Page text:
The Founder Series: Lizzie Agnew, Co-Founder and Co-CEO, Modern Citizen
March 7 @ 6:30 pm
Join us for The Founder Series, an inspiring and empowering talk series where we shine a spotlight on the remarkable stories of four local women who have forged their paths in the entrepreneurial landscape of our community. This engaging series is designed to celebrate the achievements, resilience and innovation of local women founders who have defied norms and continue to navigate challenges to build successful ventures.
About Lizzie Agnew
Lizzie is Co-Founder and Co-CEO of Modern Citizen, a fashion brand with an elevated point of view and thoughtful price point.
An Art History major, Lizzie has always had an appreciation for how the aesthetic can bring meaning and joy to our lives. It was not a surprise that her first career working in Finance, while helpful for her future in business, did not last long. A few years later, she attended Stanford Graduate School of Business to make a career pivot to fashion.
In 2015 Lizzie met her co-founder in San Francisco, and they have since grown Modern Citizen online, in stores, and through wholesale partners like Saks and Rent the Runway. She still finds the daily connection to others through art and fashion to be deeply satisfying, and she has been especially energized by Modern Citizen’s recent work to improve its impact on people and the planet.
Lizzie recently moved to Bedford, New York where she lives with her husband and two small children.
Each talk is limited to 20 attendees.
What to expect at each talk:
Each talk will feature a different local woman founder who will share her entrepreneurial journey. From the inception of the idea to navigating the complexities of business, these women will provide a firsthand account of the highs, lows and lessons learned.
Explore the innovative approaches and unique perspectives that local women founders bring to the business world. Gain insights into how they have disrupted industries, introduced fresh ideas and embraced creativity to build successful enterprises.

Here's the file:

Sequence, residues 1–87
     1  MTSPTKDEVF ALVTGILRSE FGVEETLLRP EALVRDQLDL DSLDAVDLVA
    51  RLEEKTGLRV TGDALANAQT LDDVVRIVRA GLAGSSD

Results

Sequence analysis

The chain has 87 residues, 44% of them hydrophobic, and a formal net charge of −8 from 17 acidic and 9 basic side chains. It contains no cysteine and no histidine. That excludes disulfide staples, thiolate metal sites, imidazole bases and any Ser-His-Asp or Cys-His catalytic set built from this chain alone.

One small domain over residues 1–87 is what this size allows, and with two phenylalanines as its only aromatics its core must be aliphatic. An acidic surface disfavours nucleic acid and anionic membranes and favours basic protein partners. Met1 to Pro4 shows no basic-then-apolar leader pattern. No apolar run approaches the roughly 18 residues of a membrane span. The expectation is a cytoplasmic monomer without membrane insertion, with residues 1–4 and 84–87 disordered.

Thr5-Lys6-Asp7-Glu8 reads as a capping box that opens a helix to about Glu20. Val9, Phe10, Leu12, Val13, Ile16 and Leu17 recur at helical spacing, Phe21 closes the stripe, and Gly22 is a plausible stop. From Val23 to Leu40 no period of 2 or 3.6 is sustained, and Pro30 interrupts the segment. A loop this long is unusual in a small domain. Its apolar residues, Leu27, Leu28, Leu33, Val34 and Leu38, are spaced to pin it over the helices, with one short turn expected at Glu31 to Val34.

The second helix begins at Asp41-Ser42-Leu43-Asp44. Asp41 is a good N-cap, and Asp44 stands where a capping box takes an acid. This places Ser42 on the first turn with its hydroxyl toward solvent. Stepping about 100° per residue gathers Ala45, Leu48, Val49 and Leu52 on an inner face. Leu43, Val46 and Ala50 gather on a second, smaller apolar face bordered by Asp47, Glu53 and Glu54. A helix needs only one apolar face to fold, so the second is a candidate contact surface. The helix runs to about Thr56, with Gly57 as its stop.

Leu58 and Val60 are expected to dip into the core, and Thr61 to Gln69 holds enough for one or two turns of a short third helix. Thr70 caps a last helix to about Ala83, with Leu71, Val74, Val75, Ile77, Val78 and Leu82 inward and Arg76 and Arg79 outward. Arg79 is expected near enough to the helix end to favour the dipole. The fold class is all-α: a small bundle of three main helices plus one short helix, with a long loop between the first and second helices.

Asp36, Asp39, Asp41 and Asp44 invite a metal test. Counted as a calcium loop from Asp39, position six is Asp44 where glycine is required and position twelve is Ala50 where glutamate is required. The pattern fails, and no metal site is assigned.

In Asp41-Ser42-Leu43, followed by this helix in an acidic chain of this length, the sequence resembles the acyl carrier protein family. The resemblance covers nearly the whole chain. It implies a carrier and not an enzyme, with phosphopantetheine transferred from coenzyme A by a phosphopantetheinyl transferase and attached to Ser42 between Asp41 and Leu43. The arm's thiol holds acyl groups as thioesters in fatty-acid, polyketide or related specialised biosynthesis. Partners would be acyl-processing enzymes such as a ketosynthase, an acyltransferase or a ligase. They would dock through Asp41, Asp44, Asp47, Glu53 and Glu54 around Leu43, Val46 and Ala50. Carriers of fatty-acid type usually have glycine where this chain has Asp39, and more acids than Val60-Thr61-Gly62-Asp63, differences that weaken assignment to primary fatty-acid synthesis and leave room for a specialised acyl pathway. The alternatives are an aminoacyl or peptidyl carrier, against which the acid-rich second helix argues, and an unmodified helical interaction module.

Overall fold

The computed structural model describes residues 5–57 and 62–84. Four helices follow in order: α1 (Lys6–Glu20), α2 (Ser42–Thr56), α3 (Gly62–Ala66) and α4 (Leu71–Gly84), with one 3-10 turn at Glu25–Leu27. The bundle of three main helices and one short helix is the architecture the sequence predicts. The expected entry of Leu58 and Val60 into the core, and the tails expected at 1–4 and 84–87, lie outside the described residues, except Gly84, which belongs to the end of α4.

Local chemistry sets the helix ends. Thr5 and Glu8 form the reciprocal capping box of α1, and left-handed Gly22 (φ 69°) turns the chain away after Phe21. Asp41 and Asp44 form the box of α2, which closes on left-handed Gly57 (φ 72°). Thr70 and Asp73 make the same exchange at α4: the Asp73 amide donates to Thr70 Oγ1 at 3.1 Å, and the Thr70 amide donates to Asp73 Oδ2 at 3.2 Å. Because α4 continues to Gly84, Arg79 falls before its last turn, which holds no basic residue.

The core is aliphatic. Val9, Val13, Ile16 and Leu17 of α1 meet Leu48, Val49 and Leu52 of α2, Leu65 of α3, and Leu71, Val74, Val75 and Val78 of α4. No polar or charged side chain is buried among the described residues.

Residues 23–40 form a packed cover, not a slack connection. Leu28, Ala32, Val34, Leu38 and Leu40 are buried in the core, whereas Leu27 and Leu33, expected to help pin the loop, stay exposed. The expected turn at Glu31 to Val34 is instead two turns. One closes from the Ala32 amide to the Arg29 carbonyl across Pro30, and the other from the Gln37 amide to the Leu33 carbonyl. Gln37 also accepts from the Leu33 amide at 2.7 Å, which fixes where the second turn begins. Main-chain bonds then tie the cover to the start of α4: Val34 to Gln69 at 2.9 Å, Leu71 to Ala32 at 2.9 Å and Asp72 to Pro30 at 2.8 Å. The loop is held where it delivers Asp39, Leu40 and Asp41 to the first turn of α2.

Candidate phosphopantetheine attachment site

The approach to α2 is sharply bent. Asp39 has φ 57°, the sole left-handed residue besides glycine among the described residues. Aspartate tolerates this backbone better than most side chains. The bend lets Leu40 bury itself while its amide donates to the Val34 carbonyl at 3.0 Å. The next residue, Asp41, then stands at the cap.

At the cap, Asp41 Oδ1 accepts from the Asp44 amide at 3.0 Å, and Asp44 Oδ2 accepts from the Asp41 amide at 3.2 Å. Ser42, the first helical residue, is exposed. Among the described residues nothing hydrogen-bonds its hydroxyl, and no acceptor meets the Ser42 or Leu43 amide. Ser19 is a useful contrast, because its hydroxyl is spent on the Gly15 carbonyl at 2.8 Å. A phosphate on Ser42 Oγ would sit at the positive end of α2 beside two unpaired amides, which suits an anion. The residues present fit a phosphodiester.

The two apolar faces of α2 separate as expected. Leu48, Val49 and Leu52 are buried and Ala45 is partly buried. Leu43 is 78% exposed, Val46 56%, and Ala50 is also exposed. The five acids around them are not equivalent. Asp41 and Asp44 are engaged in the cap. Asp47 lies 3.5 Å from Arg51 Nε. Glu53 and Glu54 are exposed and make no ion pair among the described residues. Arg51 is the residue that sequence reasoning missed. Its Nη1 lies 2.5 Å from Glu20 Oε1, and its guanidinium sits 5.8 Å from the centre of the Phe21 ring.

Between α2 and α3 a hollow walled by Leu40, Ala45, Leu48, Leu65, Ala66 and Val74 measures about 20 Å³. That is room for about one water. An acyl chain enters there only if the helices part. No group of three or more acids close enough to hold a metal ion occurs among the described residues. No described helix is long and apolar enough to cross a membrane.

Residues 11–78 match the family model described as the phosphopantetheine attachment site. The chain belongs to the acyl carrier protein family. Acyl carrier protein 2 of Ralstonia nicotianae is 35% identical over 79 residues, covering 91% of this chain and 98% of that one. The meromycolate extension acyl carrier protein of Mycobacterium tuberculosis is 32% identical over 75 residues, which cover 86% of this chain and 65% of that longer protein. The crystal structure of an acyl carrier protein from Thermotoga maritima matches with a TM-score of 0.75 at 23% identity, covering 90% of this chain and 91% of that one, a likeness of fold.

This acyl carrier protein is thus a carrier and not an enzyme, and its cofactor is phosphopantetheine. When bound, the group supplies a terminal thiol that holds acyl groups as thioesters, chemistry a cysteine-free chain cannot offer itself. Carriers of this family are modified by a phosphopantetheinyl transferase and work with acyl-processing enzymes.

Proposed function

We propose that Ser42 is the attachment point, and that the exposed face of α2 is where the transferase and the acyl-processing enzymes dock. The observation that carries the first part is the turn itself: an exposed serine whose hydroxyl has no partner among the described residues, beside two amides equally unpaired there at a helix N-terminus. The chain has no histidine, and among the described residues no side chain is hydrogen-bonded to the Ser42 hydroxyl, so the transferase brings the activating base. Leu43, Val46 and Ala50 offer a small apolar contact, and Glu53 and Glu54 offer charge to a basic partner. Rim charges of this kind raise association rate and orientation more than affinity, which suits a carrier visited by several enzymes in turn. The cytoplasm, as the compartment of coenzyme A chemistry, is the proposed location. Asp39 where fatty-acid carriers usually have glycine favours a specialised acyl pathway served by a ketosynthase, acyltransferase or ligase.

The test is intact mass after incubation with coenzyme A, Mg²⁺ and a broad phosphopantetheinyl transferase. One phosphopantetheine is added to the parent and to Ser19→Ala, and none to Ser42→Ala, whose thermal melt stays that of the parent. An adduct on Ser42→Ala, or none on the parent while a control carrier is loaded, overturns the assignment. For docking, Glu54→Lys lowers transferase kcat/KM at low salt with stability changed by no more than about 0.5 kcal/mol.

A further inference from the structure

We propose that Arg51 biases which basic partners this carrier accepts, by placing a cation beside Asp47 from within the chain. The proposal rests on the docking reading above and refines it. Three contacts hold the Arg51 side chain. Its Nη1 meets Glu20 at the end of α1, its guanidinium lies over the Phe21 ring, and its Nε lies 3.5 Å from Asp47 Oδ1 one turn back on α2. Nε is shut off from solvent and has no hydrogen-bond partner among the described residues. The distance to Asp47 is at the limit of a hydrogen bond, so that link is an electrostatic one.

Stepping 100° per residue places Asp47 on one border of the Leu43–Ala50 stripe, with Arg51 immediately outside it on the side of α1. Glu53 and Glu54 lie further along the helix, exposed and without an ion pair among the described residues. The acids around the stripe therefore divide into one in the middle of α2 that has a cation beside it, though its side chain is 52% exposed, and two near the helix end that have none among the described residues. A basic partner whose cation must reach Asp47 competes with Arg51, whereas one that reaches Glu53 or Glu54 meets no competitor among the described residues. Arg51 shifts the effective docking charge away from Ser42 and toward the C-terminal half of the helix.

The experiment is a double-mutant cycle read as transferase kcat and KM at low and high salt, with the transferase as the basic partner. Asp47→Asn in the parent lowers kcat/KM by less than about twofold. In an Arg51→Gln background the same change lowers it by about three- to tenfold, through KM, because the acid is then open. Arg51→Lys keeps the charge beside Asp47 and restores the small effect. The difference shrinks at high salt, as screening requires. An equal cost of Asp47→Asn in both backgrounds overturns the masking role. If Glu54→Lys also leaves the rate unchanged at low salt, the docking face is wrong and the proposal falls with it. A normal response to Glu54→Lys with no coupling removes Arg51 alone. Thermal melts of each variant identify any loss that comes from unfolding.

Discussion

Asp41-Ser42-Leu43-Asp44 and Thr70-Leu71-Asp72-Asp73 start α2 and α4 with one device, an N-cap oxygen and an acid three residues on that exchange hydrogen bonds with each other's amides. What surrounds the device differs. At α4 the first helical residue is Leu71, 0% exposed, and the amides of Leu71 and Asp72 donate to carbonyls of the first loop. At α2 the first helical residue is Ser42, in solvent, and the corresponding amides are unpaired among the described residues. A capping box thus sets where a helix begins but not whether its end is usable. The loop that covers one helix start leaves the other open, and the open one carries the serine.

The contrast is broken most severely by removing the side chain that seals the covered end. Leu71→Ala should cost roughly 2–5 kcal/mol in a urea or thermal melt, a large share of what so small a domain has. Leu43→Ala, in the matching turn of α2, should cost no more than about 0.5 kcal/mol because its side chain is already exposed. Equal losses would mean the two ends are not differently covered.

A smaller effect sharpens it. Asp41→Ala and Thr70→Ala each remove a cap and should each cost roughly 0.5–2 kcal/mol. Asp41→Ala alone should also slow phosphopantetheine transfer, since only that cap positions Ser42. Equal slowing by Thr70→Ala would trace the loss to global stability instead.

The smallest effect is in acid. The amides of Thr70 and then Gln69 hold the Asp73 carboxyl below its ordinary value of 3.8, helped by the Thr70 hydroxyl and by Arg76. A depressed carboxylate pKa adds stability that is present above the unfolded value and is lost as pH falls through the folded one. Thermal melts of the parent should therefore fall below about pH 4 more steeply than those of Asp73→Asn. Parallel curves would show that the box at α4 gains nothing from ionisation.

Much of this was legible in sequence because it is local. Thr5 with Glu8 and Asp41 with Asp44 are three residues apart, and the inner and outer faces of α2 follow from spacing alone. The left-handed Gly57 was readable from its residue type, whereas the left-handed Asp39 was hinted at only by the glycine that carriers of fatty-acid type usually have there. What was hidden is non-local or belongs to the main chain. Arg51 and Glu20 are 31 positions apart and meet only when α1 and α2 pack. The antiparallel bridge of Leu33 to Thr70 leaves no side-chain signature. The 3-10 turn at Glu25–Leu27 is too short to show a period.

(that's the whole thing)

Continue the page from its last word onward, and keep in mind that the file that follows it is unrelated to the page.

Hear stories of resilience and perseverance as our speakers discuss the challenges they faced and the strategies they employed to overcome them. From funding hurdles to breaking through gender biases, these women have triumphed against the odds.
Engage with the speakers through interactive Q&A sessions, allowing attendees to delve deeper into the challenges, triumphs, and strategies shared by the women founders. This provides a unique opportunity for a direct exchange of knowledge and experiences.
Connect with like-minded individuals, aspiring entrepreneurs and established professionals in the local business community. The series will provide a platform for networking, collaboration and the exchange of ideas, fostering a supportive ecosystem for women in business.
Delicious desserts by 351 Bakery will be served along with wine and other beverages.
Other talks in the series:
Anne began with studies in art, earning an MFA in Fiber from Cranbrook Academy of Art, and continuing to work professionally at various Broadway millinery shops as well as the Metropolitan Opera. Bread baking started as a hobby in the off-hours, and quickly became an addictive craft. Soon there were more loaves being made than Anne’s family could eat. Sharing fresh sourdough bread with friends, family and neighbors, was the beginning of LMNOP. During the pandemic demand soared, and the time came to take the leap and build a bakery.
LMNOP Bakery opened its doors at 25 Katonah Avenue in October of 2023. Staff has grown from 1 (in 2017) to 25 in 2024. LMNOP produces daily a robust menu of pastries, sandwiches, breads, and drinks. LMNOP strives to serve our local community, to make excellent innovative baked goods made from organic and sustainably grown whole grains.